February Meeting Changes - Date & Time

ATTENTION! Due to the forecast on Thursday, February 6, we have rescheduled the CT Early Childhood Alliance U.S. Census-related meeting to Wednesday, February 12, 9:30 a.m. to 11:30 a.m., at AFSCME Council 4, 444 East Main Street, New Britain.

We hope you can attend on February 12, and bring people from your community who you think should be involved in ensuring that all kids are counted in the 2020 U.S. Census. Please invite them to attend with you, in order to work collaboratively. The link to forward to anyone interested in attending is below.

In 2010, 1 in 10 children under the age of 5 were NOT COUNTED nationwide. And oftentimes, these kids are in hard-to-count areas of the country or the state. We have to COUNT ALL KIDS - and we need your help to do it!

LOCATION: Wednesday, February 12, 2020, 9:30 a.m. to 11:30 a.m., at AFSCME Council 4, 444 East Main Street, New Britain. Free parking available.

Please bring your laptop or tablet if you have one, in order to follow along with the ROAM Interactive Mapping Tool.

Space will be limited by the size of the room, so we ask that you please RSVP for yourself and anyone you plan to bring with you.


The steering committee will meet following the regular meeting.


Weekly News January 21, 2020

CTECA, CAHS Focus on Counting All Kids in Census

The Connecticut Early Childhood Alliance and CT Association for Human Services are pleased to announce a substantial grant from Viking Global, to prepare for the 2020 Census. Now, you may be asking why focus on the 2020 Census? It’s important for our future – for our children’s futures.

For the next few months (yes…it’s coming up VERY soon), the Alliance and CAHS will be focusing on an awareness campaign, particularly around the under age 5 population, which includes social media, kickoff events with child care centers, materials to distribute, etc. It’s important to engage with “trusted messengers,” such as child care providers, doctors, and faith-based leaders, for families to understand participating in the Census is safe. There will be no question regarding citizenship (struck down by the courts and NOT included on the Census form). The goal of the Census is an accurate count of ALL people living in the United States – regardless of age or status.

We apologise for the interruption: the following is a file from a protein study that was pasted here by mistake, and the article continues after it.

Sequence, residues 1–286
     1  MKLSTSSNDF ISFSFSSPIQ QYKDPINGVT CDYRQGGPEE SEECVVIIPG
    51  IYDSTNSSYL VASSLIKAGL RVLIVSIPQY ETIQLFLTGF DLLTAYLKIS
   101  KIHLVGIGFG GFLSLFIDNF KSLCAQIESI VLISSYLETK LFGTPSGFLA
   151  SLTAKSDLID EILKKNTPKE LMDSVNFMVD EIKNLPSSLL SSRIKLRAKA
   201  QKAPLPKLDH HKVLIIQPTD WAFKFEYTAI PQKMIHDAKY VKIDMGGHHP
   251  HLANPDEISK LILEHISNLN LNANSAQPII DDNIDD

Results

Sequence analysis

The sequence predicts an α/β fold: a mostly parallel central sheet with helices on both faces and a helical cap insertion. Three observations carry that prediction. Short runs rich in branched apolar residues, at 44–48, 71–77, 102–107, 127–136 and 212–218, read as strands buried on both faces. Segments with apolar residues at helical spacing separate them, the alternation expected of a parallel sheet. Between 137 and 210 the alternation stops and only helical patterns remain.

According to the US Census Bureau, an estimated 5% of children under the age of five weren’t counted in the 2010 Census. That’s about 1 million young children, the highest of any age group. In Connecticut, that number was about 3.3%, and children ages 5-9 were 2.5%. The gaps need to close. Undercounts can have negative impacts on federal funding for programs like SNAP, grants for special education, school lunch programs and Head Start. According to CT Voices for Children, in Fiscal Year 2016, Connecticut received over $10.7 billion through 55 large federal spending programs.

The undercount of children is getting worse – it was four times higher in 2010 than it was in 1980. Reasons for not counting young children vary. Some parents might be confused as to whether to include their children. Some believe the government already has that information available. Some live in large or complex households; some live with grandparents, aunts, or uncles and the adults don’t know if they should count them. Children who have divorced parents might be splitting their time between two homes and neither parent knows who should count the child (in this case, it should be the parent who has the child physically with them on April 1).

Watch for more information in the weeks that follow. We need to make sure we "Count All Kids!"

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Weekly News January 6, 2020

Connecticut Secures Federal Grant

Late last year, big news came out of the Governor's Office, regarding early childhood. The state received a $26.8 million federal grant to help further child development goals. The Office of Early Childhood will be administering the federal Preschool Development Birth Through Five Renewal Grant. 

The grant will strengthen the Birth to Five system by supporting a collaboration between eight state agencies to create efficiencies in services, focus on customer service, innovate strategies, and expand public-private partnerships. In the area of data and outcomes, the grant will redesign OEC’s Early Childhood Information System (ECIS), invest in a Quality Improvement System (QIS), establish a performance and accountability process, and improve contracting procurement.

To read the full press release, click HERE.

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